The role of the orthodontist: Healthcare provider or salesperson?

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In this article, the role of the orthodontist in today's daily practice is being discussed. (Image: Gorloff-KV/Shutterstock)

The demand for gorgeous, perfect smiles has exploded in recent years. During the COVID-19 pandemic, the amount of time spent behind the screen, whether in Zoom meetings or FaceTime chatting with friends and loved ones, has given rise to a greater demand for whiter, straighter, perfect-looking teeth. Direct-to-consumer social media marketing is challenging the role of the orthodontist as a legitimate source of healthcare-related information for patients. In addition, advancements in technology have given the impression that orthodontic treatment is now very discrete, easy, fast and affordable for individuals looking for the perfect smile. These are the clear promises given to consumers. But is it that easy? And most importantly, is it true?

Patient or consumer?

Increased social media marketing involving messages aimed at attracting potential consumers to buy tooth straightening appliances and services has turned patients interested in cosmetic procedures into consumers. The most influential companies in the dental industry have been extremely successful in reaching out to their end consumers, patients, and consciously deliver messages aimed at attracting more customers for their products. To reach out, they use influencers to create healthcare loyalty. Some practitioners, presented as key opinion leaders or another type of expert, have become a part of this ecosystem of a certain product or method. Prof. Kevin O’Brien assesses this practice on his orthodontic blog.1 A key opinion leader is by definition a trusted, well-respected influencer with proven experience and expertise in a particular field. In healthcare, these leaders could be physicians, hospital executives, health system directors, researchers, patient advocacy group members, and more.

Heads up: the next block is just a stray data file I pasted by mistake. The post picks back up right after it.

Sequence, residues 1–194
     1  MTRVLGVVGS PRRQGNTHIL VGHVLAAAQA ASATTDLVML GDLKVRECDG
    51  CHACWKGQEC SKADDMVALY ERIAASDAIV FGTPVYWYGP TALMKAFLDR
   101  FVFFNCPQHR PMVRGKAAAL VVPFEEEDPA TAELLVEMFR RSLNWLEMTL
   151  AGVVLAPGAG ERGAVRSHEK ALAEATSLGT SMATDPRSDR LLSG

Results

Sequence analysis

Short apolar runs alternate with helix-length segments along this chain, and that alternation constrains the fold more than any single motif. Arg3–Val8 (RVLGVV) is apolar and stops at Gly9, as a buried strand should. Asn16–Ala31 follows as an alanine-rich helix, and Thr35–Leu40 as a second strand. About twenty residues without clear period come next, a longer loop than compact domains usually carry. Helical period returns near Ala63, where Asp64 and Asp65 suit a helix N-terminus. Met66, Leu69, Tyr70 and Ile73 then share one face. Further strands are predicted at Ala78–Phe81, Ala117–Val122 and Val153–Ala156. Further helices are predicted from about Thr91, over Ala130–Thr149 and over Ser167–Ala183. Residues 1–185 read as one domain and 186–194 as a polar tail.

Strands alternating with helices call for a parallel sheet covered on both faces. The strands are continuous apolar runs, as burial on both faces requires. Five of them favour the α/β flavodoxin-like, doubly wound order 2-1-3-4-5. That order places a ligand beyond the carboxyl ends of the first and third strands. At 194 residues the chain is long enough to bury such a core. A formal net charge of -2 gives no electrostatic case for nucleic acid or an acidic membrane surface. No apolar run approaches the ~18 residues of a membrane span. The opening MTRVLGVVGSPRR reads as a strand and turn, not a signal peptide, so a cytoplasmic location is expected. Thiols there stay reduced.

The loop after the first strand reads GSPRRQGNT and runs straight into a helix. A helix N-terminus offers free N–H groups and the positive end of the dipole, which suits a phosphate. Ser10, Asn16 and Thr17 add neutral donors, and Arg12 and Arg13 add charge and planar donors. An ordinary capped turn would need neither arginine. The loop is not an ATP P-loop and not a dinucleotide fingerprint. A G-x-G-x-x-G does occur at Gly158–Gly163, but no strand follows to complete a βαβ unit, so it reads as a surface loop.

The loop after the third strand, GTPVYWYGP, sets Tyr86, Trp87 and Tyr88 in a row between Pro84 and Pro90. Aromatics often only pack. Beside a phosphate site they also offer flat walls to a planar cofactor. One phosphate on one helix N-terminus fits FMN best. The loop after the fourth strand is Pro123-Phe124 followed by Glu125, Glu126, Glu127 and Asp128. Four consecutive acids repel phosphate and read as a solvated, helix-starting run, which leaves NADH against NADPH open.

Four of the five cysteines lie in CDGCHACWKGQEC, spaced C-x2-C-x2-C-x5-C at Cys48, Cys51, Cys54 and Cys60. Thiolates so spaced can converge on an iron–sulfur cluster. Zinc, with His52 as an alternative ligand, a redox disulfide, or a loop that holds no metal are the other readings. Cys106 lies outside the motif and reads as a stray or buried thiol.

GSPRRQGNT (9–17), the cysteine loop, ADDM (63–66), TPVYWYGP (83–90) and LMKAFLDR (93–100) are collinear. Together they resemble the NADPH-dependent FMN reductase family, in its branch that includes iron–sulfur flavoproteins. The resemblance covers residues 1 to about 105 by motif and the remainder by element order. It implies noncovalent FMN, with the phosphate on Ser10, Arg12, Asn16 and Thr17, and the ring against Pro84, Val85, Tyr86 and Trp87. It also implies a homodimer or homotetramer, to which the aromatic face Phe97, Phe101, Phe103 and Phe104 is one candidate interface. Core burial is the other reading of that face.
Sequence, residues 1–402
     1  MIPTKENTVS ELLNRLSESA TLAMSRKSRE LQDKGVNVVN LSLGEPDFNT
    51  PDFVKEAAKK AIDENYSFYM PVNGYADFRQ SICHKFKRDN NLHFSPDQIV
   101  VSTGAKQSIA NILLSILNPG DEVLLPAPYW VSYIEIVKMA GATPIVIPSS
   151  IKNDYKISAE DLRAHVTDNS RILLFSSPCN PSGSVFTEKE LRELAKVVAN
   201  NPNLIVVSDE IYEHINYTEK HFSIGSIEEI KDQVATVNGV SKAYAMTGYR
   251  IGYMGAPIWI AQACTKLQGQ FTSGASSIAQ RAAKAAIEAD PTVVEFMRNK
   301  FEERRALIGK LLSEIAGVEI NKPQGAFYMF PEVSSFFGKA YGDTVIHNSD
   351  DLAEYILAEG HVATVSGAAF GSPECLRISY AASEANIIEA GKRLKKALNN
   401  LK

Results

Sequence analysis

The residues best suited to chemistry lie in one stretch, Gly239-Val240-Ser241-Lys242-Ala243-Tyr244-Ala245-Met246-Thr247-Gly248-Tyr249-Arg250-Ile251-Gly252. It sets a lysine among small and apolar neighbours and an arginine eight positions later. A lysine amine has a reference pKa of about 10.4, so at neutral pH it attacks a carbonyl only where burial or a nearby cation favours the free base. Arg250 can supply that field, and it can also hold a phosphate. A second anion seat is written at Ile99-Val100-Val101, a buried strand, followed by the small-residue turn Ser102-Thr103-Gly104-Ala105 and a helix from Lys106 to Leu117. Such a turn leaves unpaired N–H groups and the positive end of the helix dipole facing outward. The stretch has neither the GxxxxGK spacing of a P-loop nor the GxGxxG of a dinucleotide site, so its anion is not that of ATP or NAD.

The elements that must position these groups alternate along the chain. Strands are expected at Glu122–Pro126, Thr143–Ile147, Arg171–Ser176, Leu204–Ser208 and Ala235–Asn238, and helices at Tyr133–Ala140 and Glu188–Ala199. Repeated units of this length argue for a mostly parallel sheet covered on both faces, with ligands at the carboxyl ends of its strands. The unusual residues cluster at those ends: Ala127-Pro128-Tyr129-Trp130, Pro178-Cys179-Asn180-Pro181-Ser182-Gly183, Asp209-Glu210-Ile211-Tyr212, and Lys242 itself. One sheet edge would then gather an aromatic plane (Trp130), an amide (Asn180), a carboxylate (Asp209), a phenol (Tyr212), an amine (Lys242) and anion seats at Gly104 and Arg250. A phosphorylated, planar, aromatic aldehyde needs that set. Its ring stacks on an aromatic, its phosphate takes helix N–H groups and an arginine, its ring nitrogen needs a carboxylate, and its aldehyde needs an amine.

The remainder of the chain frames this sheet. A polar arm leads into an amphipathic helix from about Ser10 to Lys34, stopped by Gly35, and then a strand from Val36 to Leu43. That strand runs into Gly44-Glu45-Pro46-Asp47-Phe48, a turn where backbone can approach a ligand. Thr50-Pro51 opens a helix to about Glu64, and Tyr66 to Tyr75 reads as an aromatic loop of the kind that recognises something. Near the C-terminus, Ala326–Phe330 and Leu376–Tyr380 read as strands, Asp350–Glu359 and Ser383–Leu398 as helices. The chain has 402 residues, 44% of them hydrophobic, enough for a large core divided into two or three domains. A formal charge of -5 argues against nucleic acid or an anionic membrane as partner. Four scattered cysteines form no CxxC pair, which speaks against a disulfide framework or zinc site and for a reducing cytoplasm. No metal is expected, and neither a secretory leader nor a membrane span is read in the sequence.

Some key opinion leaders gain benefits from promoting specific products that have little evidence-based support, turning them into profitable salespeople instead of healthcare providers. They go from serving a patient as a doctor to selling a product or method. Being part of such an ecosystem in turn efficiently increases the need for consumption of these marketed tools. Companies also market their brand through clinics, dentists and patients. Many clinics adapt to this without even realising it. People find the messages attractive, as they desire a happier life the invisible, easy and affordable way. Are the messages we send out ethical or even true? A study recently published in The Angle Orthodontist assessed claims mainly concerning treatment duration within Instagram posts on six popular marketed orthodontic products and found that only 2% of the 472 claims assessed were true.2 This seems to imply that we need to ask ourselves whether our messages on our websites and social media posts are accurate.